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New Perspectives on Economic Crime

Edited by Hans Sjögren and Göran Skogh

Economic crime is, by definition, crime committed to gain profit within an otherwise legitimate business. Examples are illegal pollution, brand name infringement and tax evasion. The victims of such crimes may be private citizens, businesses and the state. The leading authors in this vital new book survey recent advances in the study of economic crime from a variety of disciplinary perspectives.
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Chapter 3: Corporate crime, markets and enforcement: a review

Cindy R. Alexander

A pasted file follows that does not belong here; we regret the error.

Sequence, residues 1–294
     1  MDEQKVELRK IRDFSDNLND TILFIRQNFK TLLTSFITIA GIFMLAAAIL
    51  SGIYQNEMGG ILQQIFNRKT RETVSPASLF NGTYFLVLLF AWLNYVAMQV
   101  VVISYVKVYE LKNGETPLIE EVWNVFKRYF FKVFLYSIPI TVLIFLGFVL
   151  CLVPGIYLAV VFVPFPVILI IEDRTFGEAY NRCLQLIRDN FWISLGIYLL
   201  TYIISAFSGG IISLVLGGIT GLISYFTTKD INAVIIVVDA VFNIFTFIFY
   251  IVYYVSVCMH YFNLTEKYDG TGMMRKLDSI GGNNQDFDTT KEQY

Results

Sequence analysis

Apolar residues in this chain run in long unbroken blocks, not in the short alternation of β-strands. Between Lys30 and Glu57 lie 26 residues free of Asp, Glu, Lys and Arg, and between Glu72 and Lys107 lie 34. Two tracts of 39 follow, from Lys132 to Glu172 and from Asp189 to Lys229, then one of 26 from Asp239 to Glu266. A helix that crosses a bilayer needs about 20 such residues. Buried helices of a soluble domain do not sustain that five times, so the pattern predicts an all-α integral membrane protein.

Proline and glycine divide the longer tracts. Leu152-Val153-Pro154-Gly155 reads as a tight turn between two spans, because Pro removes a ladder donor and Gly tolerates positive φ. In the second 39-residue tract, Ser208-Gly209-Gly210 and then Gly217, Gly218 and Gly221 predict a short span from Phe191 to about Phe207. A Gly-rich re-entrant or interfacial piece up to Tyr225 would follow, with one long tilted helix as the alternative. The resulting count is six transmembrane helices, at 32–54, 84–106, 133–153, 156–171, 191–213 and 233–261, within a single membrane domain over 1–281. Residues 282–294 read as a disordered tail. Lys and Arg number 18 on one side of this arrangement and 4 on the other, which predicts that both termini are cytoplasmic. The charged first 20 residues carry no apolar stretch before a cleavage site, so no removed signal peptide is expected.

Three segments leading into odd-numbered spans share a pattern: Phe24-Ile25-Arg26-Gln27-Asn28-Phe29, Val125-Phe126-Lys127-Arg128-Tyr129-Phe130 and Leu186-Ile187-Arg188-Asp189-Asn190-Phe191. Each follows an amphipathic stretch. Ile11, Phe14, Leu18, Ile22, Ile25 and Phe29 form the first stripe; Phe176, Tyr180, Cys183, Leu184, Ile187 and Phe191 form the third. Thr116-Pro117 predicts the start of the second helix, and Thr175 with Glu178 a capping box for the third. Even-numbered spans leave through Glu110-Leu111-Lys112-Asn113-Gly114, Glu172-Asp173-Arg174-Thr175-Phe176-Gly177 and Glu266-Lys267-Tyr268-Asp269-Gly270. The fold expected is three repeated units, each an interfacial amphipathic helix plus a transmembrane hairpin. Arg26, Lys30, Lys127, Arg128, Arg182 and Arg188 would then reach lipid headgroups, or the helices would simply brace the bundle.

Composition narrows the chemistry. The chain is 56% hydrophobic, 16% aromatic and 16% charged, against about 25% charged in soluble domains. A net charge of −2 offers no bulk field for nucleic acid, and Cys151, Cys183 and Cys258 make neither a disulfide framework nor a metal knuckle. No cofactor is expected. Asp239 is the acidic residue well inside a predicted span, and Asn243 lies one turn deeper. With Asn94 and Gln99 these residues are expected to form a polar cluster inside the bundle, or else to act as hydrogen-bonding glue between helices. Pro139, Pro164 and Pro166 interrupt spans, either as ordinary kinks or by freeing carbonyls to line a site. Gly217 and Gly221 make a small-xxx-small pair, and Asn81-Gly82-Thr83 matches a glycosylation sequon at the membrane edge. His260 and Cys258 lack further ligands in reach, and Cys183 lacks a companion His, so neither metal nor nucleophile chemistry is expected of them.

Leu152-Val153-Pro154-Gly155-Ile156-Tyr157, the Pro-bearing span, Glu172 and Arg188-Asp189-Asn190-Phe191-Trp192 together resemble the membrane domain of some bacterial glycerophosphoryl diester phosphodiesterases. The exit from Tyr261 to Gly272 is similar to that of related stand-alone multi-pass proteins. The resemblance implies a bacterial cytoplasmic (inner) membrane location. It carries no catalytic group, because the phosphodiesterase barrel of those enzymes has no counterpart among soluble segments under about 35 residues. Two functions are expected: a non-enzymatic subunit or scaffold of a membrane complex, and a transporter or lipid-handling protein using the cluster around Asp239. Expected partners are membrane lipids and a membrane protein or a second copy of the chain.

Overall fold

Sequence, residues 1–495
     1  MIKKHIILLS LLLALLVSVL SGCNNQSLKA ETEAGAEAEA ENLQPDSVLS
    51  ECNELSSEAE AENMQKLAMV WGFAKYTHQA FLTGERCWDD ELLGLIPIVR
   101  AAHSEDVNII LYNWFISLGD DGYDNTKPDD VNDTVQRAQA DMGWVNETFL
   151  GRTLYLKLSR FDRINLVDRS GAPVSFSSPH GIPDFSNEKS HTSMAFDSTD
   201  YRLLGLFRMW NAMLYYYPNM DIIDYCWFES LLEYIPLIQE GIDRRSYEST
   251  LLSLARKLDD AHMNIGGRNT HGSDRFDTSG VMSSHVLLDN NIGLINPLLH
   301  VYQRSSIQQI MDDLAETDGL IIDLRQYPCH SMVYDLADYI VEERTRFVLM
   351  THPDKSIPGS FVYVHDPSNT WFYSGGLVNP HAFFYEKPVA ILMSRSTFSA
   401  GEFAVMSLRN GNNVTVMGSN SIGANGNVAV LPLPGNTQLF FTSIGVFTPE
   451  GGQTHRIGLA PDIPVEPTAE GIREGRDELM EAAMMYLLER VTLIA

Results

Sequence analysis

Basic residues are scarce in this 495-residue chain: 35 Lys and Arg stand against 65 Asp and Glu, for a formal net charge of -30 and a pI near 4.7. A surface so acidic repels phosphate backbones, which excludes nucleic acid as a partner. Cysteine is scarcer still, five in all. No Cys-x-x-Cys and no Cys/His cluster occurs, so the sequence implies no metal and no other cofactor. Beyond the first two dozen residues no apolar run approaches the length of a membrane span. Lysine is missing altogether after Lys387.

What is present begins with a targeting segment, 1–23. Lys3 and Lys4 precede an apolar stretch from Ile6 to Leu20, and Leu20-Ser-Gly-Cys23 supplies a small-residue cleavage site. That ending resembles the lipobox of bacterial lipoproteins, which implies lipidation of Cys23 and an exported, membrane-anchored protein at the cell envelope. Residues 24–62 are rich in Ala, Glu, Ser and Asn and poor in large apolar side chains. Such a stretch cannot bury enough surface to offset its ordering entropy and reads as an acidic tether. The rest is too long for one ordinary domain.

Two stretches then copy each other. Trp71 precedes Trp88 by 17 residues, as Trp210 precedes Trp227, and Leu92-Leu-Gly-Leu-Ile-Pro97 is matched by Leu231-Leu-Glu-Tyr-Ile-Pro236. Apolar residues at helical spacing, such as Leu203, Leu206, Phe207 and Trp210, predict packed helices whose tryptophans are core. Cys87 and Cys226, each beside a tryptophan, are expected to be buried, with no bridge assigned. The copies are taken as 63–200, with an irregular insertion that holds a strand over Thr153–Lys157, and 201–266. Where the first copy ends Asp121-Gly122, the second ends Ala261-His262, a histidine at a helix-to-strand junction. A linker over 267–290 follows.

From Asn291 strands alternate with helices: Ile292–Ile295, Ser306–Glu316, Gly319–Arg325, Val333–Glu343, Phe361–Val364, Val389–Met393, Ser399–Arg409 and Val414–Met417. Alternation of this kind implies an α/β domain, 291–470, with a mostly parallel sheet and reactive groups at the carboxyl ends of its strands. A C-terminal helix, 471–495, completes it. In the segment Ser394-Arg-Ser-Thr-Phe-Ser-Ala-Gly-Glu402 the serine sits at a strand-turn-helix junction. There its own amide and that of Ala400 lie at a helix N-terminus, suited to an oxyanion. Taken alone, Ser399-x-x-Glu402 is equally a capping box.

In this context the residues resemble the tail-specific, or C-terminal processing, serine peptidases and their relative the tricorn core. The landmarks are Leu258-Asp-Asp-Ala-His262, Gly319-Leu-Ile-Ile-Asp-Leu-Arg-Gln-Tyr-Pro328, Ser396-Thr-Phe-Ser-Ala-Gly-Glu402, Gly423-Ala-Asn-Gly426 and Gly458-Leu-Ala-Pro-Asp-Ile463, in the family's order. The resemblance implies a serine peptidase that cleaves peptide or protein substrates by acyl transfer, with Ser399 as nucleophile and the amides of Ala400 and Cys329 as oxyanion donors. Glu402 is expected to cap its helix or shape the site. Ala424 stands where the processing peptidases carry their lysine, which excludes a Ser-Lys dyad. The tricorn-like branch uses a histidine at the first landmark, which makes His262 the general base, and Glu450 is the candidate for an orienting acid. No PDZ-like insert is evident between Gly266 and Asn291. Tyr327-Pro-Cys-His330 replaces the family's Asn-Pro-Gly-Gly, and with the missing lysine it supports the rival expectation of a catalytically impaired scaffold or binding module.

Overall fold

Cindy R. Alexander* INTRODUCTION Many issues in the design of optimal sanctions for crime are the same whether the offender is a corporation or individual. In each instance, the canonical problem facing the government or enforcement authority is to design and implement an enforcement strategy that promotes optimal deterrence in the sense of maximizing social welfare. This is typically measured as the difference between the saving from preventing harm to the victim and the sum of the gain to the offender foregone when crime is deterred and the cost of the enforcement resources used in generating deterrence, as the previous chapter explained. Valuable insights have arisen from extensive research treating corporate offenders as little different from individuals in weighing benefits against costs when facing the decision to commit crime. Yet refinements to the underlying assumptions about why corporate crime occurs and the nature of corporate sanctions can significantly enhance the practical relevance of resulting insights. This chapter focuses on the practical implications of a small yet growing body of research that beneficially focuses on two features that distinguish crimes by corporations from crimes by individuals. First, corporate crimes tend to arise from actions of more than one person. This multi-agent property of corporations has been the focus of an extensive theoretical literature that views the modern corporation as a nexus of contracts, or hierarchy, and highlights the roles of transactions costs and property rights within the corporation in shaping corporate conduct. Economic models of corporate crime draw upon this larger...

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